Times That Try Men’s Jowls
Well, if the Republican establishment didn’t have enough problems already with likely presidential nominee John McCain, enter a 40-year-old blond lobbyist named Vicki Iseman. As the Times reported yesterday (with the Post following shortly afterwards), Iseman eight years ago became a regular prop aside the Arizona senator at fundraisers, congressional gatherings and numerous other events. Fearing the relationship had become romantic, McCain’s aides sought to distance Iseman from the 2000 presidential hopeful, the reports claim. Both McCain and Iseman deny that romance entered the relationship, but ask Gary Hart how quickly the press is to forget twiggy blonds when they become entangled with presidential candidates and you may get some sense of what McCain is facing in the coming days.
The 71-year-old took the podium this morning with another bombshell — his wife Cindy — to deny that his close relationship with Iseman had any undue influence over the then-Commerce Committee chairman regarding her clients. “Obviously, people who represent interests are fine,” said McCain, who has spent a career in Washington skewering people who represent interests.
Plus he missed the point: This is a sex scandal, John, not a lobbying scandal. To say that money influences politicians is like saying that greed powers Wall Street: Both are true, and no one cares in either case. Sex, on the other hand, people get wild for.
McCain was also quick to dismiss the story because it came from the Times — an unsubtle shout out to the conservative base he’s been trying to win over as the Straight- Talk Express makes its rounds, at times becoming a little too straight talk for the likes of James Dobson and Rush Limbaugh (think: immigration, campaign finance, and opposition to Bush’s tax cuts). But to convince America’s evangelical hordes — whose raison d’etre was pretty much solidified in the wake of the Monica Lewinski scandal — that he remains their man in the wake of the Iseman scandal, McCain may first have to convince his wife. As a colleague pointed out: As the couple walked from the podium this morning, Cindy kept a full foot between them, and the thought of taking his hand seemed the furthest thing from her mind.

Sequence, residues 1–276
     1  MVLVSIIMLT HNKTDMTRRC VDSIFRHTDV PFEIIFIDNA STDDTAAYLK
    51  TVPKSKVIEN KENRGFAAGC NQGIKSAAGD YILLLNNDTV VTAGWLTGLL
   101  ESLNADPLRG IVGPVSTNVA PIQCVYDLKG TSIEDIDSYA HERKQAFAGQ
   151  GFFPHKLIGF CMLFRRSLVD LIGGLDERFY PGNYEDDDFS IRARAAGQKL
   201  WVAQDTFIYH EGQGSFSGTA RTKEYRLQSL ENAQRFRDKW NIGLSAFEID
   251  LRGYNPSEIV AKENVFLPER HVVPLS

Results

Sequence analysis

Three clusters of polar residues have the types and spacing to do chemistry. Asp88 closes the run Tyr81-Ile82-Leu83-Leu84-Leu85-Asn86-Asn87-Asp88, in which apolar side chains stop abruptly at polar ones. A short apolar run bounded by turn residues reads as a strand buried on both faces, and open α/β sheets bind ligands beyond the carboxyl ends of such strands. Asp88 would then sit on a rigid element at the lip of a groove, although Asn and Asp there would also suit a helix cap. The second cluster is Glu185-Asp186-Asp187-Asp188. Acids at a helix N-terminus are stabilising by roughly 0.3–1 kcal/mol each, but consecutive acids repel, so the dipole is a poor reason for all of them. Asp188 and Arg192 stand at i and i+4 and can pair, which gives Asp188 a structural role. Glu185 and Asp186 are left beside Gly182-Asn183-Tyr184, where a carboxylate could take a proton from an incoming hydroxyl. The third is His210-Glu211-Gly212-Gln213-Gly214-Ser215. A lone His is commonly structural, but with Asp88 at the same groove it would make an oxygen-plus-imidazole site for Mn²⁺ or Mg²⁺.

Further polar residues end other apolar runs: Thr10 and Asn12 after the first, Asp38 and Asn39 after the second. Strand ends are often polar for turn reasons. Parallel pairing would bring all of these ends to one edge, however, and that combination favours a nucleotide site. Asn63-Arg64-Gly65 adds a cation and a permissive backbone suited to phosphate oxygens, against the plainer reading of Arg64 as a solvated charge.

But that’s for Cindy and John to work out with their gods and estate lawyers. The larger question — the one facing the Republican Party — remains: What the hell do we do now with Romney out, Huckabee hanging on like a nag, and the frontrunner embroiled in a sex scandal? McCain was expected to have the 1,191 delegates needed to take the nomination following the March 4 primaries in Texas, Ohio, Rhode Island and Vermont. So certain was a McCain victory that observers are questioning why Huckabee has hung around at all. Now the better question might be: Why did Romney drop out?